The affect of I'll Have Another's retirement on horse racing
I’ll Have Another was looking to become the first Triple Crown Winner since Affirmed won the title in 1978. The Triple Crown title is something like nothing else in sports…winning three races, against the game’s toughest, at three completely different tracks in just five weeks and I’ll Have Another was up to the challenge. However, in a completely unexpected turn of events, I’ll Have Another was scratched from the 144th Belmont Stakes on Friday Afternoon as tendonitis in his front left leg caused the muscle to swell.
I’ll Have Another’s journey from an unknown horse to a potential Triple Crown winner was an exciting and unlikely one. The horse was bought for only $35,000, which is a bargain as he has claimed over $2.5 million in winnings from his races. I’ll Have Another jockey, Mario Gutierrez, is a quiet and reserved young man from a small town in Mexico, who rode the horse with perfection in all the races leading up to the Belmont Stakes. Trainer Doug O’Neill is a funny, happy-go-lucky guy who loves the horse and doesn’t take himself too seriously. This unusual group was on the cusp of greatness.
Then, in just a few minutes, the atmosphere around the Belmont Stakes turned from exciting optimism to a disappointing letdown. The huge drop-off from Triple Crown hopeful to retirement is something we’ve never seen before. If there is one thing we can take from this entire week, it is that the trainers in this sport, contrary to popular beliefs, truly care about the horses they train.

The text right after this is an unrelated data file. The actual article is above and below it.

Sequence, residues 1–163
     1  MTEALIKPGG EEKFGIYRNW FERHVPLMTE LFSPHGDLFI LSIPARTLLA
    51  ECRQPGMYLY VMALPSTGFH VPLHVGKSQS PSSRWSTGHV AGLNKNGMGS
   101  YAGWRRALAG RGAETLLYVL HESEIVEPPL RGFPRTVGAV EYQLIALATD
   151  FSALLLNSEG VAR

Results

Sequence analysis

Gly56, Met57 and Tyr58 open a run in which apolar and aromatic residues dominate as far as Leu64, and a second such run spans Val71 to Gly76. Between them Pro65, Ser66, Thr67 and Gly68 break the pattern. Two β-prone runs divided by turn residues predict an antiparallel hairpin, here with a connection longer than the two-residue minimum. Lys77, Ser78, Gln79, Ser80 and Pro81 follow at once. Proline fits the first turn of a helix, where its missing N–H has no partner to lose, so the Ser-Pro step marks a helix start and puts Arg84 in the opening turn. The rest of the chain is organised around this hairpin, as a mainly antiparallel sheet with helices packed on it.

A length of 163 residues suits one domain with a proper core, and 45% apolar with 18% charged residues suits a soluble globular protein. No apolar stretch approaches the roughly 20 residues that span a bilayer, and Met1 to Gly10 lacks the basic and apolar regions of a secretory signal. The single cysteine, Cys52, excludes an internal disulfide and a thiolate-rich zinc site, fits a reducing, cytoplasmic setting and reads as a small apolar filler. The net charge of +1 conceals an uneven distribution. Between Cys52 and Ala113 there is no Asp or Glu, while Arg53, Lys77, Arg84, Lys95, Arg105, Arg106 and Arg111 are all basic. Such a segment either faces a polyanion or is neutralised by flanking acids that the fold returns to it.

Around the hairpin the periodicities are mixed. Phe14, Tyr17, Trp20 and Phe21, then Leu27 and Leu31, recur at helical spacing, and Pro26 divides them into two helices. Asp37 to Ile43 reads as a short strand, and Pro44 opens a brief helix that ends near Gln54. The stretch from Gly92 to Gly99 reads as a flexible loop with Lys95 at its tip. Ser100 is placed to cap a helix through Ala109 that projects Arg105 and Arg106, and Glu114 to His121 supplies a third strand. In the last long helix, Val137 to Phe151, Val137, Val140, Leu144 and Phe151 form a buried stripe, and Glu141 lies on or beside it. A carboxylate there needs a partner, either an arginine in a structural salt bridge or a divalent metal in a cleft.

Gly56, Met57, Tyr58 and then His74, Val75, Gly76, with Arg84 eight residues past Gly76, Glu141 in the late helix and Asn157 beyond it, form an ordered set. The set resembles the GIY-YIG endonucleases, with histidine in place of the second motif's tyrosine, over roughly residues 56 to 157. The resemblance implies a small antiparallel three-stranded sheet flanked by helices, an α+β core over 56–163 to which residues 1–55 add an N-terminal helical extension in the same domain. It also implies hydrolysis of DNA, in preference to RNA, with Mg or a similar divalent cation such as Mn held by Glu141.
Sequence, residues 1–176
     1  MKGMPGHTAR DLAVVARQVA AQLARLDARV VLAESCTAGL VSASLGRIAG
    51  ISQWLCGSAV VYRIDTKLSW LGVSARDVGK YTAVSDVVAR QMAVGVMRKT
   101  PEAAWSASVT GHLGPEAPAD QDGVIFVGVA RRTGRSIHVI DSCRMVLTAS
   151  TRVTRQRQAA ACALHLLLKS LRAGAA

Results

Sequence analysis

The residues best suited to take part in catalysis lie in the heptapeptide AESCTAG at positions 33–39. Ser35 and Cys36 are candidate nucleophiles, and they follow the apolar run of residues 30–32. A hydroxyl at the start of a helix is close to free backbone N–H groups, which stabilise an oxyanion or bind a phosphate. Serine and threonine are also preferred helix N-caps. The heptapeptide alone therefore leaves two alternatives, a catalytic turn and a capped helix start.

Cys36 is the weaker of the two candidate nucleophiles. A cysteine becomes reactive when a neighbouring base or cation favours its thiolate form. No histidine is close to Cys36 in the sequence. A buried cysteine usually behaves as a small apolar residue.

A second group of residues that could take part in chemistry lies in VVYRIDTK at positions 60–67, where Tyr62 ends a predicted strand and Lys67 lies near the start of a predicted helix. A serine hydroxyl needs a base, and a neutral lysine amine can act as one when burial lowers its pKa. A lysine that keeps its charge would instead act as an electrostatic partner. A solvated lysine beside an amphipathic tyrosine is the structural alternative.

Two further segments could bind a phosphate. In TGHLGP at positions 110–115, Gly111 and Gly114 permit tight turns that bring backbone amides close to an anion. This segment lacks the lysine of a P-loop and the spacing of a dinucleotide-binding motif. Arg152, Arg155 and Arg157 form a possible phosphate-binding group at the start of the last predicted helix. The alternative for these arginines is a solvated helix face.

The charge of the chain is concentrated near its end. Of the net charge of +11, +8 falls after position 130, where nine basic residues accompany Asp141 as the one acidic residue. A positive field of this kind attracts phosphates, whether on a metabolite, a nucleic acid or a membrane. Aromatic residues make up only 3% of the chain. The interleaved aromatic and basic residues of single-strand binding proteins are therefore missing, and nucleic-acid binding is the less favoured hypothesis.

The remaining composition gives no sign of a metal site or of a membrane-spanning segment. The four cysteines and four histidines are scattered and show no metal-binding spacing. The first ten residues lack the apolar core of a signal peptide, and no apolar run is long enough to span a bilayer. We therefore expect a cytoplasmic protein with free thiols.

I’ll Have Another trainer Doug O’Neill did what is best for the horse. He forfeited his own fame and fortune for the health and comfort of I’ll Have Another. Multiple sources, including O’Neill himself, claim that the horse could have participated in Saturday’s race. Doug O’Neill, with a Triple Crown Title under his belt, would have been a guaranteed legend. Now, he may be remembered as just a “good” trainer. He should be remembered as an honorable trainer that did what is best for the horse, no matter the personal losses he suffered. O’Neill concerned himself with the long-term well being of the horse, and not the most immediate accolades and awards.
Dullahan trainer Dale Romans also displayed great moral character during this week. New rules that were implemented by the Racing and Wagering Board have forced Belmont Stakes participants to all live in the same barn. This has caused major inconveniences and close quarters for the horses. Belmont Stakes horses must leave their comfortable individual barns to enter the crowded detention barn. This barn was created to monitor horse and trainer activity, to assure fair and legal methods of training are being practiced. Romans has displayed his anger with the system, saying it’s bad for the horse, and he is right. It is bad for the mentality of the horse to leave a comfort zone to go to a crowded barn.
Although it is sad that I’ll Have Another will never run again, it would have been worse if the horse sustained a life threatening injury. Now, as a retired horse, he can be used for breeding and he can live a healthy and long post-race life. After this entire ordeal, the public can finally see that the trainers act in the best interest of the horse.
Before this injury, excitement grew and grew as I’ll Have Another prepared to race for a Triple Crown Title. Horse Racing received attention like never before. Now, even though there will be 50,000 less people at Belmont Park on Saturday, and television ratings will be down, attention should still be shifted towards the nobility of Doug O’Neill and what he did to potentially save I’ll Have Another.